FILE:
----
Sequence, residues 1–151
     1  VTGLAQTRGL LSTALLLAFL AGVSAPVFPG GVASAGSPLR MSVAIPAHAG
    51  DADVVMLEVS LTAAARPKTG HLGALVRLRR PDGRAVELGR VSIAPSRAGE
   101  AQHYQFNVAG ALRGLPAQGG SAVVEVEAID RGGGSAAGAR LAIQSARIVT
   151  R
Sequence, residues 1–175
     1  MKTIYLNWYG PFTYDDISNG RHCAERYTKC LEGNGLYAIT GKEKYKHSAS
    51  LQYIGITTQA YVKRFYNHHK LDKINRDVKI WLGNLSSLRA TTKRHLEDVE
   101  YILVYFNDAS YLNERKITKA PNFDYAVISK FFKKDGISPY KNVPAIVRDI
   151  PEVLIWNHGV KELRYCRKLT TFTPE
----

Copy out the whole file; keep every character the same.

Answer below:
Sequence, residues 1–151
     1  VTGLAQTRGL LSTALLLAFL AGVSAPVFPG GVASAGSPLR MSVAIPAHAG
    51  DADVVMLEVS LTAAARPKTG HLGALVRLRR PDGRAVELGR VSIAPSRAGE
   101  AQHYQFNVAG ALRGLPAQGG SAVVEVEAID RGGGSAAGAR LAIQSARIVT
   151  R
Sequence, residues 1–175
     1  MKTIYLNWYG PFTYDDISNG RHCAERYTKC LEGNGLYAIT GKEKYKHSAS
    51  LQYIGITTQA YVKRFYNHHK LDKINRDVKI WLGNLSSLRA TTKRHLEDVE
   101  YILVYFNDAS YLNERKITKA PNFDYAVISK FFKKDGISPY KNVPAIVRDI
   151  PEVLIWNHGV KELRYCRKLT TFTPE